On a sunny Friday morning two summers ago, Daniel Vasella got quite a wake-up call. Outside his lakefront home near Zug, Switzerland, gigantic speakers blasted Wagner's Gotterdammerung loud enough to rattle the windows. From across the lake, several boats carrying protesters converged on his house. A helicopter delivered a barrel marked with a skull and crossbones to one of the boats. Baffled, Vasella watched as the barrel was ferried to shore and plunked on his lawn.
The stunt, it turned out, had been organized by Greenpeace to protest an old industrial dump near Basel that was said to be leaking chemical waste into the groundwater. The barrel carried water from a source by the dump in which, protesters said, they had found traces of drugs made by Novartis, the Swiss pharmaceutical giant that Vasella leads as chairman and CEO.
Vasella could have summoned the police. Instead, he stepped outside and asked the crowd, "Who's the boss here?" A man stepped forward, and Vasella told him the commotion was scaring his two younger children. Vasella invited the protest leader and two of his companions for breakfast on his terrace to talk things over. Vasella's wife Anne-Laurence served croissants to the rest of the group.
It was vintage Vasella: cool-headed, personable, direct--adjectives that frequently crop up in descriptions of the drug executive. Vasella is exceptionally smooth in dealing with advocates for lower pharmaceutical prices as well as with regulators and lawmakers, whether in his native Switzerland or in the U.S., where he is embarked on a major expansion. He is fluent in German, French and English and says he can muddle through in Italian and Spanish. More important, he is fluent in many cultures, from the elaborate rituals of Japanese business to an American culture that is at once informal and legalistic. Despite his modest public demeanor, Vasella is an exacting boss who demands short, sure answers to his probing questions. And rivals know him as a ferocious competitor who in less than six years has transformed once sleepy Novartis into one of the world's most dynamic and admired drug companies. For all these reasons, Vasella, 48, has earned a reputation as the quintessential global CEO--one who moves nimbly from corporate finance and strategy to science and marketing to p.r. and lobbying.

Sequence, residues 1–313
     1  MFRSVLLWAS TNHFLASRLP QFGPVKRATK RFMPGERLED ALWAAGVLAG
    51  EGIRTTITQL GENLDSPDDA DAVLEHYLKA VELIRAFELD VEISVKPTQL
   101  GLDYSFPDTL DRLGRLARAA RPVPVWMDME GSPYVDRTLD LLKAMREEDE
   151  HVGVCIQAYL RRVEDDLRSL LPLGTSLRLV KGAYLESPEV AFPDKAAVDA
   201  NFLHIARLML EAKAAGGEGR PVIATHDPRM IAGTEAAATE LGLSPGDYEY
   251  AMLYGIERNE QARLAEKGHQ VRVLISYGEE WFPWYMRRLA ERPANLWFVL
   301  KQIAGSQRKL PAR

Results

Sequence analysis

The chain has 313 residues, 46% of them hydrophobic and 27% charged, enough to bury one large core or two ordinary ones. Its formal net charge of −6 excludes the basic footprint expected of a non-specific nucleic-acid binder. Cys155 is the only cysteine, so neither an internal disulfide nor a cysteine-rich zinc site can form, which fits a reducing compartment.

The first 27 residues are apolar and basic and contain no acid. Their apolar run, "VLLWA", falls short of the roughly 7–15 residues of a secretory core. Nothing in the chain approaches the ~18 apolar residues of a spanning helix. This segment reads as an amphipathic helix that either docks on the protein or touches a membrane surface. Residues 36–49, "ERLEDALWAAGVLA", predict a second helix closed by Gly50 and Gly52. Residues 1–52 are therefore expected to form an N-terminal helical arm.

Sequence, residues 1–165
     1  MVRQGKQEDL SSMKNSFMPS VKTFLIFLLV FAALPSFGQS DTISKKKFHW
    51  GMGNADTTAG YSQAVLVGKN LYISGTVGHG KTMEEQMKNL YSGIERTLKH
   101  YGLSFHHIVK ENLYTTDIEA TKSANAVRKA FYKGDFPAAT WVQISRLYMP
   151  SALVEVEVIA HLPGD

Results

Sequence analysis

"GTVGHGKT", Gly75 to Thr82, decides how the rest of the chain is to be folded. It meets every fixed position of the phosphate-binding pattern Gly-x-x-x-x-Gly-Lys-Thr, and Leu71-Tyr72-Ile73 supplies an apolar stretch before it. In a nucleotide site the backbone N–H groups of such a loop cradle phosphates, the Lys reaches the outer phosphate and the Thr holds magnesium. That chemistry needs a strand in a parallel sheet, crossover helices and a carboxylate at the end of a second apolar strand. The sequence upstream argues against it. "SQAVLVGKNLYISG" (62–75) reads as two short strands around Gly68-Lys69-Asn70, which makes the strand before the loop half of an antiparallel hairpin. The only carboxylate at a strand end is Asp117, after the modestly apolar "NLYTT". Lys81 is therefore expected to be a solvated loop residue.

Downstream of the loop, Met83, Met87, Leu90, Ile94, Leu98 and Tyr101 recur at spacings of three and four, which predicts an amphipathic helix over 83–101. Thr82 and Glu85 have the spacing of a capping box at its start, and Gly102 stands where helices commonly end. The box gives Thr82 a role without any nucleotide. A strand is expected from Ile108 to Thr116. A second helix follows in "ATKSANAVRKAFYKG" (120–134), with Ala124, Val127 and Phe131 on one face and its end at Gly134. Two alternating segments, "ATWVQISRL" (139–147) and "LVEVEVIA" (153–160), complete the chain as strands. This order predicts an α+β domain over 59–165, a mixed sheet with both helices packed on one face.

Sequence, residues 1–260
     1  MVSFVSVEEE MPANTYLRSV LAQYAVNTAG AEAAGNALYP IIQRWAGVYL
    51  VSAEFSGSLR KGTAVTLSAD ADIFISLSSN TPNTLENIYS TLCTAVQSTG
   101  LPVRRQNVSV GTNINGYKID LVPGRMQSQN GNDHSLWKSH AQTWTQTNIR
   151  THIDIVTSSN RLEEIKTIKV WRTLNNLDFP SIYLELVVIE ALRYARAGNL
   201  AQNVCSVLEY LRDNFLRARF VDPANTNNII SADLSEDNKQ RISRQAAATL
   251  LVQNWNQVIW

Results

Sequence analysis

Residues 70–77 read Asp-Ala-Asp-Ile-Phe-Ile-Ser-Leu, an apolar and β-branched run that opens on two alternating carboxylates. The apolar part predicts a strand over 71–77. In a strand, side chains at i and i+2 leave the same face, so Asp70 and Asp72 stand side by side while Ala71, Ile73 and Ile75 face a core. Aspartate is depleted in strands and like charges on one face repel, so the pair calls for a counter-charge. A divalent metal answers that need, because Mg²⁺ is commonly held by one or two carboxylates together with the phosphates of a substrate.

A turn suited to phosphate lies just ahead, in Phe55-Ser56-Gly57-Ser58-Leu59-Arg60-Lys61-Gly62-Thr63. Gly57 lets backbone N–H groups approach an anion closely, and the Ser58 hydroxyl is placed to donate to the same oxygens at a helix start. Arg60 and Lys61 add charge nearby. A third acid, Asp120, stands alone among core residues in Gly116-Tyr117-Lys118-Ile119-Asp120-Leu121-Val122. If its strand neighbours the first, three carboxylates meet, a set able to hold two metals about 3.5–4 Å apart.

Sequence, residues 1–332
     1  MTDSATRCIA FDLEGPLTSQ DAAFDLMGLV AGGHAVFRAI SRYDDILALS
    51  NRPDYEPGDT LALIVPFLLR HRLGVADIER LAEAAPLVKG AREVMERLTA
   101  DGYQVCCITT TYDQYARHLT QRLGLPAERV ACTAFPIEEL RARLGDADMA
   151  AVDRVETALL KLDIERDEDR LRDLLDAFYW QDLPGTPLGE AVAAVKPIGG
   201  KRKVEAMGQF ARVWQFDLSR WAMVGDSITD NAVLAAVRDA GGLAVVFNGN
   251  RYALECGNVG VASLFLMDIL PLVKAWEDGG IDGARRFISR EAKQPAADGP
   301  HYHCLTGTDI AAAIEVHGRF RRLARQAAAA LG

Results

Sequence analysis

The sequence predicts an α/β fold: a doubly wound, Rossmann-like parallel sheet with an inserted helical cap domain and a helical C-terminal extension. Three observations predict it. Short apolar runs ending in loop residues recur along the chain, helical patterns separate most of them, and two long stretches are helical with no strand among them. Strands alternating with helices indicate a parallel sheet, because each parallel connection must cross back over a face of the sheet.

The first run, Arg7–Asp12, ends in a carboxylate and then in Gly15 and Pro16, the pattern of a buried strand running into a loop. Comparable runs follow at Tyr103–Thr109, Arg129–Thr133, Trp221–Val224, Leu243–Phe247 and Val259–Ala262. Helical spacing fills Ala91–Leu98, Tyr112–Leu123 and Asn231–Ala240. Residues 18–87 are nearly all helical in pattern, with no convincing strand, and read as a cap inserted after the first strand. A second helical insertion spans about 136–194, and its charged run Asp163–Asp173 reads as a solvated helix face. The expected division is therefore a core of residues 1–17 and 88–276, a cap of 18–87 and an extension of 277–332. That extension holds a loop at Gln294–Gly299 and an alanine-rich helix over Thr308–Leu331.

Novartis, which operates in 140 countries, last year booked sales of $19 billion, up 10% from 2000. While such competitors as GlaxoSmithKline, Merck and Bristol-Myers Squibb are entering a period of declining revenue growth as patents on their major drugs expire, Novartis is poised for several years of steady double-digit expansion. This year its shares in the U.S. are up about 10%--the best performance among major drug companies--even as the Morgan Stanley Capital USA Health Care Index, a basket of big drug stocks, has fallen about 25%. Novartis is the 17th most valuable company in the world, up from 27th last year.